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Photojournalism - Images That Tell The Story of Your Wedding Day
By Kristen Castillo

The term photojournalism is a buzzword in the field of photography. It means so many things to so many different people. Pinning down a concrete definition is difficult. But brides and grooms need to be in the know when researching and hiring a wedding day photographer.


Definitions of the term photojournalism are varied.  It's different with every person. Some think it's candids. Some think it's details of the day. Most experts agree it's the telling of a story from beginning to end. It's capturing the entire day. Photojournalism is not that new of a concept. It's been a part of the wedding vernacular for 10 years and now is considered mainstream. Most couples know it as unposed, documentary photography. The hallmarks of photojournalism are images that aren't posed or staged. Instead, the concept is showing all the events of the day and capturing unprompted moments like tears of joy and laughter among friends, or a child caught napping from exhaustion at the reception.


In contrast, traditional photography is based on poses and planned moments. Think of a photographer lining the wedding party up for a group photo. Everyone is posed and for a staged moment. Everyone is looking at the camera and smiling. Aside from contrived looking images, these posed shots can be time consuming and draining for the bride, groom and the wedding party. Photojournalism allows couples the freedom to spend their wedding day enjoying themselves, not mugging for the camera. Photos captured in the photojournalistic style are naturally occurring and aren't reliant on poses or multiple takes of the same shot.


Photojournalism is about capturing moments, not creating them. A photojournalistic approach to shooting a wedding is like a documentary of the day. There are shots of the guests being natural, enjoying the day dancing, laughing and smiling. And there are other shots that capture the details of the day like the centerpieces, the candles on a table and the cake being served. Combined, these images tell the story of the wedding.


Since the wedding day is a blur for most brides and grooms, they rely on some images from the day to piece the whole event together. The newlyweds may not have a chance to mingle with all the guests or to view the behind the scenes pre-ceremony excitement, so they look to candid photos to fill in the gaps. For example, a bride may have missed her nieces sorting through the rose petals before the wedding, but an unstaged photo brings the image to her in such vivid detail that she feels as though she witnessed the scene. Professional photographers have a knack for not missing anything at the wedding; their eyes are all over the place when they shoot a wedding. Such keen attention helps them capture everything that happens before, during and after the wedding.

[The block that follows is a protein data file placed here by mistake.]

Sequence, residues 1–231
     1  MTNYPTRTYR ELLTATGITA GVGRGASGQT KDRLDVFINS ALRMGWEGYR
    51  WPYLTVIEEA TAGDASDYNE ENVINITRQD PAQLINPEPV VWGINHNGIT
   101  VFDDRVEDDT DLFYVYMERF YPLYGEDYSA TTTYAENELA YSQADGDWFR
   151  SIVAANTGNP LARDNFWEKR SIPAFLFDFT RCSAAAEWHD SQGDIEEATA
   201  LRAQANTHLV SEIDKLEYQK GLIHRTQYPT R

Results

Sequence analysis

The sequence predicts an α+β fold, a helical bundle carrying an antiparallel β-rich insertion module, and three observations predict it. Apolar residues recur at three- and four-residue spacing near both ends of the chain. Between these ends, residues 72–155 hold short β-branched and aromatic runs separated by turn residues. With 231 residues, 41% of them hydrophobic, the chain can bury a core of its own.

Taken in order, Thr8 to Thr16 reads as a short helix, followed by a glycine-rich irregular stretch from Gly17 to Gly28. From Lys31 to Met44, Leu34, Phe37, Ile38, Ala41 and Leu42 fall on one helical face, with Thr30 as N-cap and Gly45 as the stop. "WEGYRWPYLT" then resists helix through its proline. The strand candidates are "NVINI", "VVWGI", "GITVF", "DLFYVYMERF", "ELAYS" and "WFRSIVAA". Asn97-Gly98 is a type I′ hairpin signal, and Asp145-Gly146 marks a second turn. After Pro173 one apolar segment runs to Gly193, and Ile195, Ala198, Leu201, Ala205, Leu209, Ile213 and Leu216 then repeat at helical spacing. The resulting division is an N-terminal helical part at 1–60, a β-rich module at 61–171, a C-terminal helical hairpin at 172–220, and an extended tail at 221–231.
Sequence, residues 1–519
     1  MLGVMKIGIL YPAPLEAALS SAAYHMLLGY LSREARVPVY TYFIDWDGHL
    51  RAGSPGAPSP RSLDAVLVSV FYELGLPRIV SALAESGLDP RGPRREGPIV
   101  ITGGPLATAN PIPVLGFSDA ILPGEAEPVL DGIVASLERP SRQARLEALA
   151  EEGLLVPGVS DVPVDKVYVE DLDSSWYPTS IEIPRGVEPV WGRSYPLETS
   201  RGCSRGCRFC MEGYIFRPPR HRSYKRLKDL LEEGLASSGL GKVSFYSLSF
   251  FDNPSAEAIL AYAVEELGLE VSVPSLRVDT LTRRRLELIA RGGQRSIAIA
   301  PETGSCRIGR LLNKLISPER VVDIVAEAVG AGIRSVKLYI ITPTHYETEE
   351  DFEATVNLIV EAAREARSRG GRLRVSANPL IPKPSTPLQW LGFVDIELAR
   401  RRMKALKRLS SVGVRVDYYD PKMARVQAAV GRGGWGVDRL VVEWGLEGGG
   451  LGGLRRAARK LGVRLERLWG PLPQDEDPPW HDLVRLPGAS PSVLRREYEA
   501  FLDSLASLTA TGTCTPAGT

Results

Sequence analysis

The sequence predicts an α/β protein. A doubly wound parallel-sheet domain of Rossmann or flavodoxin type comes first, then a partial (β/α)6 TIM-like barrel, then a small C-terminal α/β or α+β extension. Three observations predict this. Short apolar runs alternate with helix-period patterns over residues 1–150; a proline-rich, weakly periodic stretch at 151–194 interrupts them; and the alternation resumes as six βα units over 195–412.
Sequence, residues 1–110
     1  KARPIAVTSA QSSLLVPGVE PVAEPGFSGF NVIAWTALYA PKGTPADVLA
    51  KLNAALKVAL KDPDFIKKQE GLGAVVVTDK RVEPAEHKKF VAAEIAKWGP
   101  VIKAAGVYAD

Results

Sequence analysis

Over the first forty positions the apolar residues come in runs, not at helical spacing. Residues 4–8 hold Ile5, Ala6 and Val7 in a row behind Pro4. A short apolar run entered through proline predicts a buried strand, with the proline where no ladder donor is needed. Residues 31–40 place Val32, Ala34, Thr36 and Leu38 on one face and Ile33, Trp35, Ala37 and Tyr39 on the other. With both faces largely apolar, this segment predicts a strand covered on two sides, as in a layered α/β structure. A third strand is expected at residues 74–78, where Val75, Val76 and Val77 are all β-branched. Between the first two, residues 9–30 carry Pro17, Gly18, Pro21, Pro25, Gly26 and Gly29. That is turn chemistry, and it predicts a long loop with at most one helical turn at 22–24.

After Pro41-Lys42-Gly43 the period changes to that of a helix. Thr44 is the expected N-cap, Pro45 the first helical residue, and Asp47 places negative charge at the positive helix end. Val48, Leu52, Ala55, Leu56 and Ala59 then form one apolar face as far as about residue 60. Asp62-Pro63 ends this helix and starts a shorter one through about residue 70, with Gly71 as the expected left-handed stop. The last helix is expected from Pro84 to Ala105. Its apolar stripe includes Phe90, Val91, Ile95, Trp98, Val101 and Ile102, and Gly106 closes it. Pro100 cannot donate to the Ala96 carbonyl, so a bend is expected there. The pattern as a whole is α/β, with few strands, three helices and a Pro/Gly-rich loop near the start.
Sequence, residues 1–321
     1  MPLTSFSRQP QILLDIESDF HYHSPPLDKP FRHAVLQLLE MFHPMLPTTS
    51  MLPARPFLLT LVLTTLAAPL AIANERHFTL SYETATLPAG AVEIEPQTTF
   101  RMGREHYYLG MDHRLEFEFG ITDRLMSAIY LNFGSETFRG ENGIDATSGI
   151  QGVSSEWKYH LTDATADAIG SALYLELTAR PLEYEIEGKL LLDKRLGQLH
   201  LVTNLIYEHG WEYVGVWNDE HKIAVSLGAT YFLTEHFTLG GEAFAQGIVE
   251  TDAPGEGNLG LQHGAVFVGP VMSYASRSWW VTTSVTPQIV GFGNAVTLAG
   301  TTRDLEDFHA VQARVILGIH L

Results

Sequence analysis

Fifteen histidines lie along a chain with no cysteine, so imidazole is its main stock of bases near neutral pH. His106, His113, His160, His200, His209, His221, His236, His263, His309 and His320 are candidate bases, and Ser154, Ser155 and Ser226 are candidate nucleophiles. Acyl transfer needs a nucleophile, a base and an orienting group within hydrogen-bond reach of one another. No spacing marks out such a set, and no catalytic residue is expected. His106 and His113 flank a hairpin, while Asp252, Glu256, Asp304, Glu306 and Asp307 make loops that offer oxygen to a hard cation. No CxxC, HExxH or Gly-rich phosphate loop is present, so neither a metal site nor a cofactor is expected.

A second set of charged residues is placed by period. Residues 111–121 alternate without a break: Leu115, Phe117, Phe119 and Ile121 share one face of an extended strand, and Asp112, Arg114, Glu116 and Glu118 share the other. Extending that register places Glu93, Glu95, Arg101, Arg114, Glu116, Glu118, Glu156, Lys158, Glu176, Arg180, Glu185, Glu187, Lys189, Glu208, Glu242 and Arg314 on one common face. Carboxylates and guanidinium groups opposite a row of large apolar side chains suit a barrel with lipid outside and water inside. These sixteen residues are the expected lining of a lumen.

Photojournalism is about capturing the day as it occurs. Some think it's really the best way to cover the wedding. Somebody who wasn't there could look at the photos and get a real feel for the day.


Still the term photojournalism is so widely used that the concept isn't exclusive to professional photographers who pride themselves on their documentary, shoot-it-as-it-happens style. Lately photojournalism has become more of a marketing term rather than a unique way of photographing a wedding. Technically, anyone who photographs a real life moment without setting up, creating, or interfering with the event is a "photojournalist." That does not mean all photojournalists are created equal. To do it properly one must capture not only the surface but also the emotion and meaning of that reality. A good photojournalist uses all the craft that photography has to offer to reinforce and clarify a real life moment.


So how can a bride and groom tell if a photographer is a photojournalist? According to experts, the test is to look at the photographer's images and ask yourself, "does it look staged or does it look like it actually happened?" By perusing a photographer's website or portfolio a couple can get an idea of the professional's photojournalistic style. When you look at images, you should see emotion and key elements captured. Don't get caught up in the terminology. Instead, check out a photographer's images to see if the photos are in the photojournalistic style that conveys emotions and highlights the details of the wedding day. Once you look at a few web sites and portfolios, you can see the wide range of photojournalistic images and style variations.


While the unstructured aspects of photojournalism are appealing, many couples still want posed shots like portraits and group photos. That's understandable; most couples still want a certain number of traditional posed shots for framing or for albums. The solution to this problem is to shoot some posed, formal shots like family shots and portraits of the bride and groom, while still capturing those natural events like tears during a dance and smiles during the toasts.


Many photographers say they can successfully cover a wedding with one photographer complete with posed and photojournalistic photos. But other photographers recommend a second or a third photographer for a mixed shoot of formal and candids. The decision to have an extra photographer is up to you, but know that with additional help, you can expect to pay more for the wedding photography.


The best photojournalists are working off the radar. They avoid staged shots and they focus on emotion and natural occurrences. They're so good at their craft that wedding guests won't even know they're there. The resulting images are magical because they are sincere, real and unfettered, just like a strong marriage.

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